The Parker Solar Probe is having one heck of a week. It was only yesterday that NASA announced its do-it-all star-studying machine has gotten closer to the Sun than any spacecraft before it, and now the probe has broken another record.

According to Guinness World Records, the probe is now the fastest manmade object ever. It reached a speed of 155,959 miles per hour, relative to the position of the Sun. That might sound like an incredible feat, and I suppose it is, but it’s only just a hair faster than the previous world record set by the Helios 2 probe that hit a speed of 153,453 miles per hour back in 1976.

The probe is currently headed for the first of many passes of the Sun, each one slowly shrinking its orbit thanks to gravity assists from nearby Venus. As it gets closer and closer, the probe will continue to top its own top-speed records on a regular basis, and it’s expected to break the current record for both distance and speed on November 5th, coming closer to the Sun than ever and moving at a speed of around 213,200 miles per hour.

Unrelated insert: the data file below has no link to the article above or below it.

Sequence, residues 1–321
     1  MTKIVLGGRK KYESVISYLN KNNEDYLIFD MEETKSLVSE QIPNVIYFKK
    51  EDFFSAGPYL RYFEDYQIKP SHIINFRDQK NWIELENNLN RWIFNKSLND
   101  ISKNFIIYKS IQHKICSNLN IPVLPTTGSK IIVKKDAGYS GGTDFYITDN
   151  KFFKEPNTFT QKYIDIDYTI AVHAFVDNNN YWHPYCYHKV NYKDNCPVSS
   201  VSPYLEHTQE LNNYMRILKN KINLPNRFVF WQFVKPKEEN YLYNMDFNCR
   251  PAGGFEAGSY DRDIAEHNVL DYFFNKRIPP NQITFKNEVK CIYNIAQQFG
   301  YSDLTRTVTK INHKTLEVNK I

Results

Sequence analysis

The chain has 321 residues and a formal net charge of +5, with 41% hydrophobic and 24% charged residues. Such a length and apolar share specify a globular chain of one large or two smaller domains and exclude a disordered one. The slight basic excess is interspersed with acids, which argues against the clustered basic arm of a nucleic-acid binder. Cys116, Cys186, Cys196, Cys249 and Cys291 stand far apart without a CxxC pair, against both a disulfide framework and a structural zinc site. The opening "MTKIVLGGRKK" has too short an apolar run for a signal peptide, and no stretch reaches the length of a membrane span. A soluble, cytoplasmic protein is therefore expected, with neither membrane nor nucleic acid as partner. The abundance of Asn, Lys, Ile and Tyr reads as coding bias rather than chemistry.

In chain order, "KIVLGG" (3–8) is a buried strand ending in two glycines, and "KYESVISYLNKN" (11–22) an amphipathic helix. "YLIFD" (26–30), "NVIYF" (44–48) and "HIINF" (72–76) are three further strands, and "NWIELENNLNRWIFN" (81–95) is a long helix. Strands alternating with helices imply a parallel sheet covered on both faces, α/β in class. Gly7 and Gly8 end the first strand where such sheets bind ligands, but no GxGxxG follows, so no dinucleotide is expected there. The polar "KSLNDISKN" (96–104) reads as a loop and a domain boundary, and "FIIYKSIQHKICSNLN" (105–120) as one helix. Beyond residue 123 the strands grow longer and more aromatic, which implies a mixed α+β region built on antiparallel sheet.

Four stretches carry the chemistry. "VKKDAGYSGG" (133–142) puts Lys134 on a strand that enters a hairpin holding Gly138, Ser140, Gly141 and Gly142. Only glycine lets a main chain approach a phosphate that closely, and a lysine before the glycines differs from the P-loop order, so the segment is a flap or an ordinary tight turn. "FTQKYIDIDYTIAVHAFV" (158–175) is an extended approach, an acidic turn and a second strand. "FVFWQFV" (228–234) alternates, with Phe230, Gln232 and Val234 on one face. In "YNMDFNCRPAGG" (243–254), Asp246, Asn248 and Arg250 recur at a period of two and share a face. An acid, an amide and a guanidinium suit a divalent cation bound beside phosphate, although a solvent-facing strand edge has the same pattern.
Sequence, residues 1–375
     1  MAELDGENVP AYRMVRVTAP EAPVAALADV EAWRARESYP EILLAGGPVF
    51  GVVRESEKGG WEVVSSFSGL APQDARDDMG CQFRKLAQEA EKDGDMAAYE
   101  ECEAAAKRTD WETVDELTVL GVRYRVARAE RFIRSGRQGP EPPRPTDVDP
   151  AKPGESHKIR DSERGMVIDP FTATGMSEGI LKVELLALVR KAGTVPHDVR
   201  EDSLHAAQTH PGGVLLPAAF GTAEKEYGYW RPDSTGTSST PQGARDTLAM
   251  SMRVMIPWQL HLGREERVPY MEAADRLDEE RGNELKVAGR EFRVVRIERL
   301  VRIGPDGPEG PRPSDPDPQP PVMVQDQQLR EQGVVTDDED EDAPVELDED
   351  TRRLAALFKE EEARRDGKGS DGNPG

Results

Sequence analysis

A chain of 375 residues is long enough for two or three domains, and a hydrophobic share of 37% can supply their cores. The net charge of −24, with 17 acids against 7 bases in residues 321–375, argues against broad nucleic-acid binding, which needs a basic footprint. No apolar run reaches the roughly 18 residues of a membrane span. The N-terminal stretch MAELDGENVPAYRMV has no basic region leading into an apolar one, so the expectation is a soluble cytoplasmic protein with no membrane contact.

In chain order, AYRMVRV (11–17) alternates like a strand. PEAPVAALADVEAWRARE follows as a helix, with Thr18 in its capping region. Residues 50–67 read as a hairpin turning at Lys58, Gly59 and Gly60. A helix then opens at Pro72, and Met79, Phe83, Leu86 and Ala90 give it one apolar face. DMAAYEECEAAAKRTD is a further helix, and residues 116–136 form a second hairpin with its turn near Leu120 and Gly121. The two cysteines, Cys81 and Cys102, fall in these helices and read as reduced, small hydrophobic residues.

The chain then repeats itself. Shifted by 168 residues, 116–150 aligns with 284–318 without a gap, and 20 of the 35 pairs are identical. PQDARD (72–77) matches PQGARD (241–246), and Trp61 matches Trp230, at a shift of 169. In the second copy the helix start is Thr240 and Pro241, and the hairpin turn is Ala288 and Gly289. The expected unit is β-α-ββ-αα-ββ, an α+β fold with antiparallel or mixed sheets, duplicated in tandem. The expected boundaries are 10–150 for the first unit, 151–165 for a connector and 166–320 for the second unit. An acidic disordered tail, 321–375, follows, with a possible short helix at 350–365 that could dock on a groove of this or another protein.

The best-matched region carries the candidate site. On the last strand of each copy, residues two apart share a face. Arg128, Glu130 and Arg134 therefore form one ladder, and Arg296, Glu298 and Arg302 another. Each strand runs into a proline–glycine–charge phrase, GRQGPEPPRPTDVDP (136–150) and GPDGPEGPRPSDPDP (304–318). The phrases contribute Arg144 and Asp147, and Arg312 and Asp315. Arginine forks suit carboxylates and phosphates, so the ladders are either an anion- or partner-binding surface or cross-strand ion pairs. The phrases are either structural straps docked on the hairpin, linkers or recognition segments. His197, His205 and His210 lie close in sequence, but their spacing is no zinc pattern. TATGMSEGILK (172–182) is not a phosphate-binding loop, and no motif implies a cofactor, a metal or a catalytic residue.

That’s a speed that totally blows the Helios 2 probe out of the water, but the Parker spacecraft is really just getting started. Each time it passes it will be gradually moving towards its ultimate expected top speed of (brace yourselves) 430,000 miles per hour. That date is a long way off, however, and it won’t reach that incredible milestone until sometime in 2024.

As the probe makes it ever-closer shaves of the Sun, it will study our star in ways never before possible. It will relay readings of the Sun’s atmosphere, and scientists hope it will help them understand all the special things that make the star tick. Expect lots of new discoveries from NASA’s new probe sooner rather than later.